The value of ed tech tools in the classroom
When we think of technology and its advancements, we typically think of the latest smartphone, app, electric car, or virtual reality experience. It’s, therefore, easy to overlook it as an essential part of the classroom experience. However, as many schools strive to offer their pupils the best education possible, the use of technology in the classroom is growing in popularity as the benefits it can bring are uncovered. As a result, teaching methods are starting to reflect our societal shift to an online, digital way of living.
Digital transformation in schools has become crucial for today’s learners – even the most basic tasks such as purchasing goods, keeping in contact with friends and family, or booking appointments has gone digital. Added to this is the growing demand for digital literacy in the workplace and technical-based jobs. It’s unsurprising then, that many schools are incorporating ed tech tools and practices into their classrooms to enhance learning and better equip students with the necessary skills for the future.
Education technology, or “ed tech” is the practice of using information and communication technology tools in the classroom to provide more interactive, inclusive, and personalized learning experiences. Ed tech can take many different forms in the classroom; it could be software, hardware, or other materials that teachers and students utilize to facilitate learning. Examples include using laptops or tables to complete work, screen-sharing, incorporating videos into lessons, playing educational podcasts, or introducing game-based learning platforms.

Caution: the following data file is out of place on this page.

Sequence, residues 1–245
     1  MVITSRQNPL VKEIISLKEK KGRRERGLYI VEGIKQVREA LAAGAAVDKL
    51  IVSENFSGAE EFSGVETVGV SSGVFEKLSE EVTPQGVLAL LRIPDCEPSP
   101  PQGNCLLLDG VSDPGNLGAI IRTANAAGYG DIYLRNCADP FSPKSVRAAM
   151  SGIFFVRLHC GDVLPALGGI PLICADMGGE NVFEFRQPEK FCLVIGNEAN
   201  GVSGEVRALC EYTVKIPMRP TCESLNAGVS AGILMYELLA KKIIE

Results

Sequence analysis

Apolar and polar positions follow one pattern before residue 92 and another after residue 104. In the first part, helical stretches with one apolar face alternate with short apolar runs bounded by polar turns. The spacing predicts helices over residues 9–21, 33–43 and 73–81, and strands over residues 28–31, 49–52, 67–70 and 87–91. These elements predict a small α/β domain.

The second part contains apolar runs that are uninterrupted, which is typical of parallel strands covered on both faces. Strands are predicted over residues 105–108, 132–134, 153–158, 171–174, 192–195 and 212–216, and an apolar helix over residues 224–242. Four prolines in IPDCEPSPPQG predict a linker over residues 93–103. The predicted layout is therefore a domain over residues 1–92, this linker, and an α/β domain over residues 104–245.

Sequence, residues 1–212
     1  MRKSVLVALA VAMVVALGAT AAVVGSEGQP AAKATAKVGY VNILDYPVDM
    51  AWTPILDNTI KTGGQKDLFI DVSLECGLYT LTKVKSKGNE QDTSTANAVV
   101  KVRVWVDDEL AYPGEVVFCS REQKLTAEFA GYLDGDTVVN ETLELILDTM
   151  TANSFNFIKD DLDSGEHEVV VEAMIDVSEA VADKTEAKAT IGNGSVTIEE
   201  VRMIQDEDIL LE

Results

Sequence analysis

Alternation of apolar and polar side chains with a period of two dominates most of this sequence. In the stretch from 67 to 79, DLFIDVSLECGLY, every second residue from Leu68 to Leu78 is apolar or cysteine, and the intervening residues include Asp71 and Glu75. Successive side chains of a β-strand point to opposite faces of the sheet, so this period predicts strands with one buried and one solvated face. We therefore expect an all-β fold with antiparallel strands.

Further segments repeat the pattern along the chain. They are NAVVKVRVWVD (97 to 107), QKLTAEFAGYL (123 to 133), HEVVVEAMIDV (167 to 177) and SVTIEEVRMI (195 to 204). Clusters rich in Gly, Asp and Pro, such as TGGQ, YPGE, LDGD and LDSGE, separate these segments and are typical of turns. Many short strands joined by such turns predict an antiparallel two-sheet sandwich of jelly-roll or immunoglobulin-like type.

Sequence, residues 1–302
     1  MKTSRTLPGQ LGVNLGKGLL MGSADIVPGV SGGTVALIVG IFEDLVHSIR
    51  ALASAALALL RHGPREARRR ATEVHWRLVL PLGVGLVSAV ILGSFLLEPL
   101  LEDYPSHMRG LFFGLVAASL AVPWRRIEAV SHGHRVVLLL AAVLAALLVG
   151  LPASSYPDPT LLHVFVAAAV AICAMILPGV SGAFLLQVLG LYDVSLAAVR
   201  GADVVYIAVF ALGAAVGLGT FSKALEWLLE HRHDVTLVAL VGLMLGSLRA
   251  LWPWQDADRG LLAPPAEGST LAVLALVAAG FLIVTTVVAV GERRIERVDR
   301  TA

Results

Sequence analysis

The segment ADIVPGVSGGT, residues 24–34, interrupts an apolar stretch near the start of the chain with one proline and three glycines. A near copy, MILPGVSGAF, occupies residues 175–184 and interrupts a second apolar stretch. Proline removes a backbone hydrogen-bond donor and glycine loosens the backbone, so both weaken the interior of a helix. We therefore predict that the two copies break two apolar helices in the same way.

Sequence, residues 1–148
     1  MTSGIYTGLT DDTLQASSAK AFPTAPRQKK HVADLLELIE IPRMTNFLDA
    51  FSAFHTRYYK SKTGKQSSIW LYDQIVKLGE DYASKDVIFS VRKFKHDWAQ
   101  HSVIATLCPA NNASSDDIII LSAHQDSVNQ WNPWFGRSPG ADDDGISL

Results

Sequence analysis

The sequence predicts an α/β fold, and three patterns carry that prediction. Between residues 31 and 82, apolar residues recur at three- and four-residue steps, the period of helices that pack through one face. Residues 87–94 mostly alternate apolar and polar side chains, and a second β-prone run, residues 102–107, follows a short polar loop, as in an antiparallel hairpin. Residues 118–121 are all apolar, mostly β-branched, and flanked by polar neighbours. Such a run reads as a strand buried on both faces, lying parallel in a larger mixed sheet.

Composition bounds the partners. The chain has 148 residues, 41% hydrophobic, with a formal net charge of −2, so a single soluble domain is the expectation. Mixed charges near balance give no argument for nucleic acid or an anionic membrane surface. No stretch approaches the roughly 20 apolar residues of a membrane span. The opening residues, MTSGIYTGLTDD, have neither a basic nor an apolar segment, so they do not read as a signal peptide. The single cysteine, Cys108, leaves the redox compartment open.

Although ed tech was present in classrooms prior to 2020, Covid-19 has been credited as drastically accelerating digital adaptation in education, as schools were forced to turn to virtual learning during government restrictions.
The traditional ‘chalk and talk’ role of the teacher is being updated with a ‘guide on the side’ role, where active learning is more of an objective and students are encouraged to participate in the lesson and engage with the material in their own ways. Using a digital lesson delivery approach in the classroom means that there is less waste, more dynamic content, ease of creation, and lessons can be delivered to the students to engage with outside of the classroom.
According to McKinsey statistics, students who attend schools with sufficient technology devices perform better than those who don’t have access to technology. As a result, education technology is now an industry of its own and numerous changes are being made in classrooms as a result of the influx of ed tech tools. Ed tech has made inclusive learning feasible by bridging the gap in communication between teachers and students. Teachers and students use technology in the classroom in a variety of ways to enhance learning and make education better than ever.